- Recommendation ID
- Safety and efficacy of antimuscarinics:- What is the safety and efficacy of more recently developed antimuscarinics compared with (a) placebo/usual care and (b) other antimuscarinics in the treatment of neurogenic lower urinary tract dysfunction?
- Any explanatory notes
- Why this is important:- No high-quality clinical trials looking at the use of the newer antimuscarinic drugs in people with neurogenic lower urinary tract dysfunction have been carried out. Both placebo-controlled and comparative studies are lacking. This is important because the more recently developed medications are of unknown efficacy, are more expensive and claim (in the non-neurogenic population) to have fewer adverse effects. The adverse effects of antimuscarinics are mostly due to their action at sites other than the bladder (for example, causing a dry mouth) but there is now increasing concern that antimuscarinic effects on the central nervous system may adversely affect cognitive function in both children with brain damage (caused by cerebral palsy or hydrocephalus) and adults with impaired cognition (caused by cerebral involvement in multiple sclerosis or neurodegenerative diseases).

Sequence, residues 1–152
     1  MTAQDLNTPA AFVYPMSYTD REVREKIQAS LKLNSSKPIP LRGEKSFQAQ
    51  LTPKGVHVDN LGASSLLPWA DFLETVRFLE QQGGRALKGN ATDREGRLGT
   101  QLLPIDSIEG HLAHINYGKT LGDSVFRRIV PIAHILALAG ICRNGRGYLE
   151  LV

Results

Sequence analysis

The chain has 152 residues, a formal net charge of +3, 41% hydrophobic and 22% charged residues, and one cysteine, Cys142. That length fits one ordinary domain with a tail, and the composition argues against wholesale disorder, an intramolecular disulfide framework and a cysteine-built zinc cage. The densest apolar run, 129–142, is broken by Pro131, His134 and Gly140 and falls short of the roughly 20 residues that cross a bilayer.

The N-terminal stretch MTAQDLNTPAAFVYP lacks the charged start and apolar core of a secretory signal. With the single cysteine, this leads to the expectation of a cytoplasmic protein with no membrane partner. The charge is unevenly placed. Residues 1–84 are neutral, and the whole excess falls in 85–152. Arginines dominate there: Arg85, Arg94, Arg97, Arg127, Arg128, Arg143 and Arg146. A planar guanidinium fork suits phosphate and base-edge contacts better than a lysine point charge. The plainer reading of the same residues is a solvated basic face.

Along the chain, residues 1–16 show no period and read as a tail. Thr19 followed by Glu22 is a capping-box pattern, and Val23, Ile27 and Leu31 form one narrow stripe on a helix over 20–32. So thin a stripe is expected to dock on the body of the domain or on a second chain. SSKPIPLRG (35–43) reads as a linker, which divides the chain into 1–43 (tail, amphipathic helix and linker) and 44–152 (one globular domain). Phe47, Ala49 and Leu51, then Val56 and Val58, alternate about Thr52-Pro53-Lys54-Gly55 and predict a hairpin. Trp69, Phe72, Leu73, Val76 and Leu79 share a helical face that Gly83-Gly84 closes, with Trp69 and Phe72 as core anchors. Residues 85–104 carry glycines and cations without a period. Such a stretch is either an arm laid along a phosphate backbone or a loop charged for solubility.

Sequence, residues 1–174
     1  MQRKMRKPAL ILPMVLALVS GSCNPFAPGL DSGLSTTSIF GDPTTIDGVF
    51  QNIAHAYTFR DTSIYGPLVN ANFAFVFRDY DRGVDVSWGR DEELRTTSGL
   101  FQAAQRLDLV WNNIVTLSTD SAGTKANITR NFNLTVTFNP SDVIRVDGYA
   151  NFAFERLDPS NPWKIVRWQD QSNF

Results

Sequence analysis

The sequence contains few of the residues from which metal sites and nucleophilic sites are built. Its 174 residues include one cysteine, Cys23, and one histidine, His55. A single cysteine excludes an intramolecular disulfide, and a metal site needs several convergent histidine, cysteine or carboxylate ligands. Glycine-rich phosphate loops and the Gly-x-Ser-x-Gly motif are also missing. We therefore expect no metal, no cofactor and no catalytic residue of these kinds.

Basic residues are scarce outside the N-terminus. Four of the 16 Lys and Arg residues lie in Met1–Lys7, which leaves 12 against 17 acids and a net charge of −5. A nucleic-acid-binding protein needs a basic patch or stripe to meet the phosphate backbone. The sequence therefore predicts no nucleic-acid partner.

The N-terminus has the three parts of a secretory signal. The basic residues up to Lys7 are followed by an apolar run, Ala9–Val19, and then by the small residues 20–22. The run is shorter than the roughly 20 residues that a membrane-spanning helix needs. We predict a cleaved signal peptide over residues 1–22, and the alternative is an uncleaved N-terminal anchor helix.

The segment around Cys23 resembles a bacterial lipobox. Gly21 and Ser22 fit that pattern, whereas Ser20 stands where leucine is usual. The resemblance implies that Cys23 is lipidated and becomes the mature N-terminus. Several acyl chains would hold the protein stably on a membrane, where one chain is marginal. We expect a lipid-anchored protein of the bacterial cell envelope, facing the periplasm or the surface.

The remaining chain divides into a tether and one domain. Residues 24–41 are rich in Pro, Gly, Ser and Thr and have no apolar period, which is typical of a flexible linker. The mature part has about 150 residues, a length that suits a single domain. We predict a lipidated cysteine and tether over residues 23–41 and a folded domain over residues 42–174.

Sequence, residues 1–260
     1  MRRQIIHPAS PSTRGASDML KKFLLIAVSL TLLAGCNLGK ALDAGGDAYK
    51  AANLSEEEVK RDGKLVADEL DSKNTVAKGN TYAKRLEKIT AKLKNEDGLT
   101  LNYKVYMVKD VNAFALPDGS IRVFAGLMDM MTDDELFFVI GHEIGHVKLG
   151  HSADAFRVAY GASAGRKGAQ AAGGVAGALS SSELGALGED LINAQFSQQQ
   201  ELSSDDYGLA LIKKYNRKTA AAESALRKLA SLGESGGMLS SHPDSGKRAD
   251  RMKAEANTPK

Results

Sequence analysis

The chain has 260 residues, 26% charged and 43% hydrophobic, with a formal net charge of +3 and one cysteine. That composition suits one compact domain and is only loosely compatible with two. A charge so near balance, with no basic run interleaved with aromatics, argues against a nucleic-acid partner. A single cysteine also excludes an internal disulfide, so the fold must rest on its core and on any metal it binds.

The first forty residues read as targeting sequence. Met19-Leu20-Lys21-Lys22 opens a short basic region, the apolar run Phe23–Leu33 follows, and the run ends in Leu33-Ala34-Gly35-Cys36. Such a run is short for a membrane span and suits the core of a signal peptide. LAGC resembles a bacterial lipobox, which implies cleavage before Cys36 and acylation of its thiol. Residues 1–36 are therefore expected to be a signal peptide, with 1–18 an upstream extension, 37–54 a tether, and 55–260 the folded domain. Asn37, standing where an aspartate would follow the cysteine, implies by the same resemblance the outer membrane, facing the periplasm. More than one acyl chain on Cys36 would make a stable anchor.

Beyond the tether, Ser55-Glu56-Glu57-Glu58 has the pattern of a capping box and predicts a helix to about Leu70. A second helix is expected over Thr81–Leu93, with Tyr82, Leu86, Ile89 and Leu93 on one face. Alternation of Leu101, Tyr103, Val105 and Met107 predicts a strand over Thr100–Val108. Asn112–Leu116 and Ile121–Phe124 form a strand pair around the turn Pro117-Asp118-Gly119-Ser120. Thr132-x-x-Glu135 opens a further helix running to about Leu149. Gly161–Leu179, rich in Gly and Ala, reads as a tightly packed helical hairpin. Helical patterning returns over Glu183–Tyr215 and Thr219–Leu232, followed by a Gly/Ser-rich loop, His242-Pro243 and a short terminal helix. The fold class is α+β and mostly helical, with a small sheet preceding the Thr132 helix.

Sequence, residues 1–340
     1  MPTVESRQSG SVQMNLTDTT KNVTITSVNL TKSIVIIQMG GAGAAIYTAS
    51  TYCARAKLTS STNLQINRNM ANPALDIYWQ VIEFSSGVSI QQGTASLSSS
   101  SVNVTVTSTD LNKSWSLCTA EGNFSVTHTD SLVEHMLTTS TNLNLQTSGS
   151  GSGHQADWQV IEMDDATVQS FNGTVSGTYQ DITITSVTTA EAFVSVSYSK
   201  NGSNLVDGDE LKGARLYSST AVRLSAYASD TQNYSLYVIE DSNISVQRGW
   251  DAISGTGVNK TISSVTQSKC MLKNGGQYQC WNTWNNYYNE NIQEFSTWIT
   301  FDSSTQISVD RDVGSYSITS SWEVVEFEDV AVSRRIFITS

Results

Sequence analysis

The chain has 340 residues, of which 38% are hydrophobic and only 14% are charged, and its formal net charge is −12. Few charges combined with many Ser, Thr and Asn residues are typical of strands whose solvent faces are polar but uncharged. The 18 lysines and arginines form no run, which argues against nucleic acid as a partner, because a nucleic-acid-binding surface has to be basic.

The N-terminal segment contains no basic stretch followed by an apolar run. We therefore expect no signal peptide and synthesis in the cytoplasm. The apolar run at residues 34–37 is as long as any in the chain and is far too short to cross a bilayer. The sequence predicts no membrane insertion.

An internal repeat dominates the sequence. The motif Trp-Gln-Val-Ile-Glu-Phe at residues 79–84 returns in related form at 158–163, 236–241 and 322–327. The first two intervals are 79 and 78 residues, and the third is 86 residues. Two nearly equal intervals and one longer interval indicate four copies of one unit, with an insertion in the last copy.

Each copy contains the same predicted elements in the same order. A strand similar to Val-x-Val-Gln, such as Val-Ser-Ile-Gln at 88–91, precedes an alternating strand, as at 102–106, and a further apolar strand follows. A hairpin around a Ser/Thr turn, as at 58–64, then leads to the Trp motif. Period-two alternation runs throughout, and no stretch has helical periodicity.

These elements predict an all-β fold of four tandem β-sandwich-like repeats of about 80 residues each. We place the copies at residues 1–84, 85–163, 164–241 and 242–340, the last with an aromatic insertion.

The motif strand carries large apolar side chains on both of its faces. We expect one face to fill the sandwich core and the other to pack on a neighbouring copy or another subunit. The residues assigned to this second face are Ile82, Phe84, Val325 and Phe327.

Source guidance details
- Comes from guidance
- Urinary incontinence in neurological disease: assessment and management
- Date issued
- August 2012
|Is this a recommendation for the use of a technology only in the context of research?||No|
|Is it a recommendation that suggests collection of data or the establishment of a register?||No|